“There is nothing, in my opinion, that will be considered sacred.”
It’s like what John Stewart said about Shrub, running a country (state) isn’t like going to college. You can’t just dick around all semester then make up for it in the finals.
January 4th, 2009 — Bill Richardson, Governor Rounds, Rounds
December 31st, 2008 — Ethics, Governor Rounds, State Legislature, Washington Pavilion
(used with a singular or plural verb ) a system of moral principles: the ethics of a culture.
the rules of conduct recognized in respect to a particular class of human actions or a particular group, culture, etc.: medical ethics; Christian ethics.
moral principles, as of an individual: His ethics forbade betrayal of a confidence.
Did the Rounds administration do anything illegal in reference to the pay-to-play no-bid contract controversy? I don’t see that, and neither did anyone in the RCJ columns. But just because something is legal doesn’t make it ethical.
Do some of us do unethical things, whether it’s in our personal or professional lives? Sure we do. But I also think there are different levels of it.
Besides government other organizations provide a code ethics. Though subject to interpretation (as I found out when I asked for an ethics opinion about a couple Sioux Falls city councilors) for the most part they keep members on the up and up.
Last year the Washington Pavilion of Arts and Sciences (finally) changed their code of ethics barring board members from participating in exhibits or providing professional services to the Pavilion for payment. This didn’t happen overnight. It was a long drawn out process after years of complaints about a certain board member by not just me but several other artists and advocates in our community. In my opinion it took to damn long and I think the only reason it happened was this board member no longer serves (but I could be mistaken).
The irony of all this was that this person was one of the founders of the ad agency that got the lucrative no-bid tourism contracts from the state. Coincidence? I don’t think so.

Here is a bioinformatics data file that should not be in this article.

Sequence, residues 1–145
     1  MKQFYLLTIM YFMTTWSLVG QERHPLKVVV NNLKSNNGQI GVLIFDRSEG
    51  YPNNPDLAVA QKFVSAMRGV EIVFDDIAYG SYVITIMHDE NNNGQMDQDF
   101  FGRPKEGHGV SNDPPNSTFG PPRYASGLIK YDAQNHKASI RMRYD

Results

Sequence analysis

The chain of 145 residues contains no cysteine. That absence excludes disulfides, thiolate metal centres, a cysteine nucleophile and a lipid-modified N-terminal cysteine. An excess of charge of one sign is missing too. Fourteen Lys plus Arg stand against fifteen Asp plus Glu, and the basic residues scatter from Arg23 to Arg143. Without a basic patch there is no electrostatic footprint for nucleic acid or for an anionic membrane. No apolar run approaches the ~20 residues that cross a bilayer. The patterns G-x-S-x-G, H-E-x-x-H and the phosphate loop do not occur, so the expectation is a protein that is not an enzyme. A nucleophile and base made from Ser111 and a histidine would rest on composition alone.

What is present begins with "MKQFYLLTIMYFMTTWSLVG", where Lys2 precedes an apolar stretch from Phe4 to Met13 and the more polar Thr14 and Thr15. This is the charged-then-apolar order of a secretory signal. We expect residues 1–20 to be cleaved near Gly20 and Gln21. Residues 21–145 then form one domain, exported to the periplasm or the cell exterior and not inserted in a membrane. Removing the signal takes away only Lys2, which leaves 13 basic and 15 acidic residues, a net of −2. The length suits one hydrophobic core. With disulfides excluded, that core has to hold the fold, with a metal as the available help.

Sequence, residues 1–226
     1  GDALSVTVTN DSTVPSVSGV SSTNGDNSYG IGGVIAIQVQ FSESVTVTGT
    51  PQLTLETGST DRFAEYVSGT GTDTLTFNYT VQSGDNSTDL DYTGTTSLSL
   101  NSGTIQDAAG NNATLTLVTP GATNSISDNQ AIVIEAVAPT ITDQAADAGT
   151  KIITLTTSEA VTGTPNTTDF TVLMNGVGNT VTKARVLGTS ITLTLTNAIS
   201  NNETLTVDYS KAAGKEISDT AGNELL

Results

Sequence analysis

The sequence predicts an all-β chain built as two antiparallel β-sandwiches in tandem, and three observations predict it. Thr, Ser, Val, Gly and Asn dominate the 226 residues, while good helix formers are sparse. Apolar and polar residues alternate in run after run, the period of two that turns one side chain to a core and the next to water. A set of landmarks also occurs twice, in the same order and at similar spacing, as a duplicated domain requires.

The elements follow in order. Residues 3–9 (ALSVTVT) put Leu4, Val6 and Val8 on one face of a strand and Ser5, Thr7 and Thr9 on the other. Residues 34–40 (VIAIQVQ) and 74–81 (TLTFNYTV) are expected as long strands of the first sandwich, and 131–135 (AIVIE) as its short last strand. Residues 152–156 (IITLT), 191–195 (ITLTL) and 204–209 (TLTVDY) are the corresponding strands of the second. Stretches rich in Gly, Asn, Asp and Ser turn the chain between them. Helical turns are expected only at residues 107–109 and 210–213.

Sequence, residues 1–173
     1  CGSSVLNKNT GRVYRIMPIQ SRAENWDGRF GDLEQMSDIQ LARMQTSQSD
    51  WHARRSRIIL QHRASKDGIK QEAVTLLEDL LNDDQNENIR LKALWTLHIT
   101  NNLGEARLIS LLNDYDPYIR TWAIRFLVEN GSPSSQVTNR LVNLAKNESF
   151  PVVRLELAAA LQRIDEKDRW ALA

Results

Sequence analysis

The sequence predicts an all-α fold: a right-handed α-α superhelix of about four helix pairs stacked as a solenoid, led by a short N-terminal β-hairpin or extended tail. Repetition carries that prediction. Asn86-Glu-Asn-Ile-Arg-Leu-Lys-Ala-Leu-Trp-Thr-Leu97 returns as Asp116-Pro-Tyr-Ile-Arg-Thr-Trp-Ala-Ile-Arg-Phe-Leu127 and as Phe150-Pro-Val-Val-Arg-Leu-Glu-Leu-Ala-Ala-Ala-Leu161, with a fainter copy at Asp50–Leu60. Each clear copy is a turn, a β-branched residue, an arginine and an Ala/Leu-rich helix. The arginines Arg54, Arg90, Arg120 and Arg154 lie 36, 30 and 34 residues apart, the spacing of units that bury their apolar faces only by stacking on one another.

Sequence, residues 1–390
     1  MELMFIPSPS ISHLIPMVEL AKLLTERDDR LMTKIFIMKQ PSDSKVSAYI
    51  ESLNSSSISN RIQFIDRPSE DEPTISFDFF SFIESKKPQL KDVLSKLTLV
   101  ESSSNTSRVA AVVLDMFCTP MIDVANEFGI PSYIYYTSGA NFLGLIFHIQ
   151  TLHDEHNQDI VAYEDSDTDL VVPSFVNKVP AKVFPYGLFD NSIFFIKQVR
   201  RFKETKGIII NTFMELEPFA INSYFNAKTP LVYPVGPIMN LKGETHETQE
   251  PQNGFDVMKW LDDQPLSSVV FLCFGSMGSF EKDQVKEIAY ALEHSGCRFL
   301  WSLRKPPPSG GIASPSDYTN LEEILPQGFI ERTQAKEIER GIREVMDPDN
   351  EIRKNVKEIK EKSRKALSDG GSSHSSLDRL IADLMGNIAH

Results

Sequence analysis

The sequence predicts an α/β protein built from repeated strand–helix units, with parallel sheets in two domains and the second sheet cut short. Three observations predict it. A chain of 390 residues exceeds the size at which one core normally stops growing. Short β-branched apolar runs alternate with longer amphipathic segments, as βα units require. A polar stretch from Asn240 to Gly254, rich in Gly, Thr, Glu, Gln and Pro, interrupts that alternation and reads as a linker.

In one attack on me in a letter to the editor he vehemently opposed openness at taxpayer funded institutions like the Pavilion. No surprise looking back now, huh?
Bill Clinton cheated on his wife in the White House. Over $40 million was spent trying to impeach him for lying about it. It was unethical (the cheating part) and probably cost Al Gore a lot of votes (even though he still won).
Last year we had to endure the Sutton hearings because the legislature thought it was unethical for an adult male to climb into bed with another adult male. Maybe it was, even though the DCI could not find proof a crime was committed. Sutton was censured.
Mike Rounds gives not just a handful of no-bid contracts to campaign contributors, but hundreds and hundreds of them and there isn’t an ethics investigation?
There should be.
Maybe Rounds will be cleared of any unethical practices, maybe an investigation will find something illegal was done. Who knows, but it’s worth the effort.
No one should defend cronyism, whether you are a Rep, Dem or Indy, even if it is being practiced legally.
Even if you don’t have a problem with the ethics of what Mike did, I would think fiscal conservatives would take issue with the irresponsibility of no-bid contracts. And if the State Legislature is truly made up of mostly conservatives the law would have been changed years ago.
I don’t think it is. We have become a Big Government state, and that is why most politicians just turn away from this issue.
So is Rounds a criminal? No way. Is he a sneak? I think so, but an ethics investigation would be the only true measure.
I hope some legislators have the guts to pursue one. It’s way past due.